Toxic heavy smog in Pakistan’s cultural capital makes tens of thousands sick - GulfToday

Toxic heavy smog in Pakistan’s cultural capital makes tens of thousands sick


Vehicles move on a highway as smog envelops the areas of Lahore, Pakistan, on Thursday. AFP

Toxic gray smog has sickened tens of thousands of people in Pakistan’s cultural capital of Lahore, forcing authorities to shut schools, markets and parks for four days, officials said on Friday.

The decision came after the country’s second-largest city, with a population of 11 million, was repeatedly ranked the world’s most polluted city. Doctors advised people to wear face masks and stay at home. Residents said many people were coughing and having breathing problems.

“Wearing of marks and staying at home are the two easiest solutions to avoid getting rushed to hospitals with respiratory-related diseases, infections in eyes and skin diseases,” said Salman Kazmi, a doctor at Lahore’s main Mayo Hospital, where thousands of people were treated for such ailments this week.

On Thursday, the concentration of PM 2.5, or tiny particulate matter, in the air approached 450, considered hazardous.

Experts say the burning of crop residue at the start of the winter wheat-planting season is a key cause of the pollution.

Lahore was once known as the city of gardens, which were ubiquitous during the Mughal era of the 16th to 19th centuries. But rapid urbanisation and surging population growth have left little room for greenery.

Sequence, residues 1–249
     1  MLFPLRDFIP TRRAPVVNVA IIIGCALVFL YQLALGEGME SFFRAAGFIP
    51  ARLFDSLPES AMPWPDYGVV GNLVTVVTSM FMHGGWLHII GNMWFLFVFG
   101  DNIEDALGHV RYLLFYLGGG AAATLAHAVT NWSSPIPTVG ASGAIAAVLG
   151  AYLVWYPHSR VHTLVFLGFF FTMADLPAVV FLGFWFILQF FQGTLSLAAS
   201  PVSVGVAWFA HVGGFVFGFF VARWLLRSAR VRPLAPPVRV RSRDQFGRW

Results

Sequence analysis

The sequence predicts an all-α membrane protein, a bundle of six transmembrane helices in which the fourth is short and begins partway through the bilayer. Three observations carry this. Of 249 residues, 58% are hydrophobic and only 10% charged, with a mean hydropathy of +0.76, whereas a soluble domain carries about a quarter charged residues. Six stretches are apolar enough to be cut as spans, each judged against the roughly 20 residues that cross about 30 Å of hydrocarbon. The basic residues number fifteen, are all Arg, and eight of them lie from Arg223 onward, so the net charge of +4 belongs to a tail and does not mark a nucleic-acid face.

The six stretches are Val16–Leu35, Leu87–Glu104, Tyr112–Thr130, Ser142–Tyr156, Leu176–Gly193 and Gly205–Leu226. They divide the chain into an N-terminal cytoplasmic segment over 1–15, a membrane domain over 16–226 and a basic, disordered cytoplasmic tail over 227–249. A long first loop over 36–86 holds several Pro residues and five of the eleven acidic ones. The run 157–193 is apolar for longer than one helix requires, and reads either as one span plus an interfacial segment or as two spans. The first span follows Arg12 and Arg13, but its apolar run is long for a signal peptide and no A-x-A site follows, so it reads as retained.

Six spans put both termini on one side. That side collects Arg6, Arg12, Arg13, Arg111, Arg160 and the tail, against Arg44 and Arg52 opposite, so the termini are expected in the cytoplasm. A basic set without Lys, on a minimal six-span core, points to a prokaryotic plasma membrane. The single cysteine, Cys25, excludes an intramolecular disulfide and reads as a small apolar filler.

As Punjab authorities imposed an emergency in the province due to smog, a traders’ body on Friday accused the police of forcing businesses to close in Lahore, which they alleged were in defiance of government directives, Dawn News reported.

Parts of Punjab have been enveloped in smog, which contains unhealthy PM2.5 at much higher levels than the WHO annual air quality guidelines, according to IQAir.

Earlier this week, the provincial government declared a smog lockdown as part of its “environmental and health emergency” in eight cities — Lahore, Nankana Sahib, Sheikhupura, Kasur, Gujranwala, Hafizabad, Sialkot, and Narowal — all of which have had Air Quality Index (AQI) readings beyond safe limits.

However, in a revised notification issued on Thursday, the Lahore administration granted permission for city markets and shopping centres to open on Friday, while affirming a complete closure of businesses on Saturday and Sunday.

During the day, trade body All Pakistan Anjuman Tajiran (APAT) leader Naeem Mir said the APAT met with the Lahore Commissioner Muhammad Ali Randhawa, where they agreed to keep businesses open on Nov.9 and Nov.10. He added that they had agreed to shut the markets on Nov.11 and Nov.12.

However, he claimed that police arrived in various markets, and told shopkeepers to close up, which he said was a “clear violation of the understanding between traders and the Lahore commissioner.”

Mir also alleged that the government had pledged to lift the lockdown if it rained. He demanded the authorities to honour their commitment — given that it had rained in the city and the AQI had improved as a result — and immediately announce an end to the lockdown.

According to the government notification, the markets will be completely closed on Saturday and Sunday. The banks, government and private offices, all educational institutions and parks will remain closed on Nov.10, 11 and 12.

Related articles